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ENGL 7800: Introduction to Cultural Studies
Spring 2011


Dr. Paula R. Backscheider
9082 Haley Center
pkrb@auburn.edu
(334) 844-9091


This seminar is an exploration of a few of the kinds of cultural studies being practiced today. Using Cultural Theory and Popular Culture, ed. John Storey (4th ed., 2009), we will begin with an overview of some of the most influential theories and turn to reading applied criticism. A few literary texts will provide practice fields. For example, we will read and apply various methodologies to Samuel Richardson’s Clarissa, sometimes styled the most dialogic novel ever written, and to Frances Brooke’s History of Emily Montague, a novel that is set immediately after the British took Quebec and brings together the cultures of the Canadians, the French, the British, the “new Americans,” and the Hurons. Of special interest will be the ways that cultural studies theorizes the ways that literature participates in discussions of social problems and influences the lives of individuals and social groups. Among the topics for in-depth consideration are representation, power, popular culture, and normative hierarchies. Seminar members with all levels of familiarity with cultural studies– from none to extensive– are welcome. There will be some opportunity to tailor some assignments to individual interests. My teaching evaluations are on my website.

Requirements: Several short assignments, written and oral, and a research paper. Active participation is expected.


Required Texts:

  • Clarissa, by Samuel Richardson, ed. George Sherburn (Houghton Mifflin, now Cengage/Wadsworth, 1961). ISBN 0395051649
  • The Dialogic Imagination, by Mikhail Bakhtin (University of Texas Press, 1981). ISBN 9780292715349
  • History of Emily Montague, by Frances Brooke (McClelland & Steward, 1995). ISBN 0771034571
  • A Glossary of Cultural Theory, by Peter Brooker (Arnold/Oxford, 2004). ISBN 0340807016
  • Vicar of Wakefield, by Oliver Goldsmith, ed. Stephen Coote (Penguin Classics, 1982). ISBN 0140431594
  • Cultural Theory and Popular Culture, ed. John Storey 4th edition (Longman, 2009). ISBN 140587421X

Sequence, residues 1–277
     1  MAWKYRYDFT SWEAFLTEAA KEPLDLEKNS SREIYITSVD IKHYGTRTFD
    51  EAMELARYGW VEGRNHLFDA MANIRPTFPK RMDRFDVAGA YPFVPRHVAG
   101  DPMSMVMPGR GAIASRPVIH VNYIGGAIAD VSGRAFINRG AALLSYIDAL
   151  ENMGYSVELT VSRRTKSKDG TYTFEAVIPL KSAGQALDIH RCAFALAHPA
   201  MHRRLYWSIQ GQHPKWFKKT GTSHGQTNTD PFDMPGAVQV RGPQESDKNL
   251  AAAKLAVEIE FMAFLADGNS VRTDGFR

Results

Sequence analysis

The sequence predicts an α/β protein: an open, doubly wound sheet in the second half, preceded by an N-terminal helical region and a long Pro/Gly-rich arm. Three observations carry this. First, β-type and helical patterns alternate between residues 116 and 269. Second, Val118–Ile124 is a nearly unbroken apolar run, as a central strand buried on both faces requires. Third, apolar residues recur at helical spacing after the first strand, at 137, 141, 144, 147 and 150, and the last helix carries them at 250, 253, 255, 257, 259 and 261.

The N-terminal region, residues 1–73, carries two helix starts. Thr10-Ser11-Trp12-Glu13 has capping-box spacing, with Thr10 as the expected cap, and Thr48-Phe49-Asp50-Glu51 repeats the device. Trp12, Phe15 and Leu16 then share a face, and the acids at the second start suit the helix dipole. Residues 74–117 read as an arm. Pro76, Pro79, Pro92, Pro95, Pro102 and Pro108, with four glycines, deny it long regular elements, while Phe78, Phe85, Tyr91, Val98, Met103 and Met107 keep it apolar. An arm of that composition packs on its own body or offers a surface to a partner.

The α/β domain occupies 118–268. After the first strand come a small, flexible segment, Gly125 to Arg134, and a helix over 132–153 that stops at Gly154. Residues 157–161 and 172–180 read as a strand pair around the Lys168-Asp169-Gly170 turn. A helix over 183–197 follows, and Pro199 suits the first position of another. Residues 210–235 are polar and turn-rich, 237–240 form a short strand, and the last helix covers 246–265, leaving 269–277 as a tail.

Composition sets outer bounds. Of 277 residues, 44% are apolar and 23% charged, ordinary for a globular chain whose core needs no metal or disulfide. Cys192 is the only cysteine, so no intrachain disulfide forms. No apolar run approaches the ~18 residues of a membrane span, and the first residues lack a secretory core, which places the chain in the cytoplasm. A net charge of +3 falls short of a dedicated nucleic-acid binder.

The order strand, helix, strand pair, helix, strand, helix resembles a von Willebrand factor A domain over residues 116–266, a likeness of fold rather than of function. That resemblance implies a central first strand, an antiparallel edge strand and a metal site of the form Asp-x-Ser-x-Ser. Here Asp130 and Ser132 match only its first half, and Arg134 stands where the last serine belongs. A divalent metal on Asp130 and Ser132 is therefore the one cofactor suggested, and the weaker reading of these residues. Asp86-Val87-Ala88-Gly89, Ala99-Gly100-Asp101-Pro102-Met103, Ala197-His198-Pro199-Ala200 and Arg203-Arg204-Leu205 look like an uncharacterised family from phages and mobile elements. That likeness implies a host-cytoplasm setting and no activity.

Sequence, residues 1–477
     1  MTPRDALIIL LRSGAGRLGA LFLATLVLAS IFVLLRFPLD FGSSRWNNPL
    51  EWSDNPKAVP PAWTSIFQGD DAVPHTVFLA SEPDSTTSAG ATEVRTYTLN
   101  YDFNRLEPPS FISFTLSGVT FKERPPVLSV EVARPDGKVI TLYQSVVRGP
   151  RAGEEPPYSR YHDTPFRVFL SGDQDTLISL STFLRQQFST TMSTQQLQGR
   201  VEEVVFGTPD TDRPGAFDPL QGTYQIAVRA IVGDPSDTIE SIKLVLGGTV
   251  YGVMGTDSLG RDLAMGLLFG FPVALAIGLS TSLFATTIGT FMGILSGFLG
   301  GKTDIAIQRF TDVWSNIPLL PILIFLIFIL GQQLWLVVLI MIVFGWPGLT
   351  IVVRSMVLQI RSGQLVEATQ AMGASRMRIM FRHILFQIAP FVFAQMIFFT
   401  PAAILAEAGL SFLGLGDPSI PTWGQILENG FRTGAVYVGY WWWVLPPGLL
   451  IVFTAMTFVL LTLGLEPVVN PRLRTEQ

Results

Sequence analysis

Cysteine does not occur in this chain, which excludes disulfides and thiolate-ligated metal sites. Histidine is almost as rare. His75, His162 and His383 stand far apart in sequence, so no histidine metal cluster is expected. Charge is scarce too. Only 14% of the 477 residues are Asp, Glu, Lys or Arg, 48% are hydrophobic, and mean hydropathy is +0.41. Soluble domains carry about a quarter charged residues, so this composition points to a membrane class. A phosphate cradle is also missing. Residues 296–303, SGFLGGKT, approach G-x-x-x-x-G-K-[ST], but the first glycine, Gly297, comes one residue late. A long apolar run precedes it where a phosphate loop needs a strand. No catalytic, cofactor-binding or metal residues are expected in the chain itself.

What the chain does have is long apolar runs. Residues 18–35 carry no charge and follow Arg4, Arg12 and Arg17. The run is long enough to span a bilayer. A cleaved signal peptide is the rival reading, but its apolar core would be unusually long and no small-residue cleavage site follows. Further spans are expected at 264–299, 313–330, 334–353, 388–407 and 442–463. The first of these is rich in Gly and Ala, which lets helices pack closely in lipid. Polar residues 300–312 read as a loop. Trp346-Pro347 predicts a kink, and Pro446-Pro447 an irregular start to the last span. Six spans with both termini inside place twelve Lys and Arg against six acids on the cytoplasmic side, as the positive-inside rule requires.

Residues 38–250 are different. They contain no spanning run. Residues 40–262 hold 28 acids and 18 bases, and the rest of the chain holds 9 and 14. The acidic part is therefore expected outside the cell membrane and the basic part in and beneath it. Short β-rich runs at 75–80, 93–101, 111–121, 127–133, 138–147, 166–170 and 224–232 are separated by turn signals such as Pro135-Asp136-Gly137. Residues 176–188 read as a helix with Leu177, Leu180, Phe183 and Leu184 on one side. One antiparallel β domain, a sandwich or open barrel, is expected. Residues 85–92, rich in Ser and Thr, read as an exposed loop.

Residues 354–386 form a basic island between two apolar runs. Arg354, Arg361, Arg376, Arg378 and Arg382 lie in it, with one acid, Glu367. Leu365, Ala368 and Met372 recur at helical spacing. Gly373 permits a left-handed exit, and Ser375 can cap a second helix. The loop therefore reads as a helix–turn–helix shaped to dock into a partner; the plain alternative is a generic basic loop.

Syllabus:

Wittgenstein: "Don't ask for the meaning, ask for the use."


January 13:
Introduction to Cultural Studies. Declaration of Independence. Selection of cultural object.

January 20:
John Storey, "Introduction: The Study of Popular Culture and Cultural Studies," xv-xxi; Raymond Williams, "The Analysis of Culture," 32-40; Antonio Gramsci, "Hegemony, Intellectuals and the State," 75-80; Clifford Geertz, "Centers, Kings, and Charisma"**; Bruce McConachie, "Using the Concept of Cultural Hegemony to write Theatre History"**; John Fiske, "Cultural Studies and the Culture of Everyday Life."**

January 27:
Biography of the Object. Mikhail Bakhtin, The Dialogic Imagination, essays 1 and 4; Frances Brooke, History of Emily Montague, through Letter 8.

Fredric Jameson: "History is the indispensable precondition of a text."

February 3:
Brooke, History of Emily Montague; Reports from your assigned social group perspective.

February 10:
Reception History of the Object. Philip Dodd, "Englishness and the National Culture"**; E.P. Thompson, "Preface from The Making of the English Working Class," 41-44; Marx and Engels, "Ruling Class and Ruling Ideas," 58-59; Stuart Hall, "Culture, Community, Nation."**

February 17:
Samuel Richardson, Clarissa.

February 24:
Paper due on Object. Clarissa continued.

March 3:
Clarissa roundtable on criticism.

March 10:
Michael Foucault, "The Subject and Power"**; Matthew Arnold, "Culture and Anarchy," 6-11; Teresa de Lauretis, from Technologies of Gender, 1-30**; Lana Rakow, "Feminist Approaches to Popular Culture: Giving Patriarchy its Due," 183-98; Michel Foucault, "Method," 313-319.


Bakhtin: "The most intense and productive life of culture takes place on the boundaries."

March 24:
Oliver Goldsmith, Vicar of Wakefield; dialogic reports.

March 31:
Pierre Boudieu, "Distinction and the Aristocracy of Culture," 498-507; Stuart Hall, "Notes on Deconstructing the ‘Popular,’" 508-18; Bakhtin, Dialogic Imagination, essay 2.

Geertz: "Endless complication in the interest of simplicity."

April 14:
Revisiting the object, object as text – text as object. Terry Lovett, “Cultural Production,” 559-44; Michel de Certeau, “The Practice of Everyday Life,” 545-55; Glenn Jordan and Chris Weedon, “When the Subalterns Speak, What do they Say? Radical Cultural Politics in Cardiff Docklands.”**

March 21:
"John Fiske, "The Popular Economy," 564-580; Paula Backscheider, "Literary Culture as Immediate Reality."**

Research Reports

** On Blackboard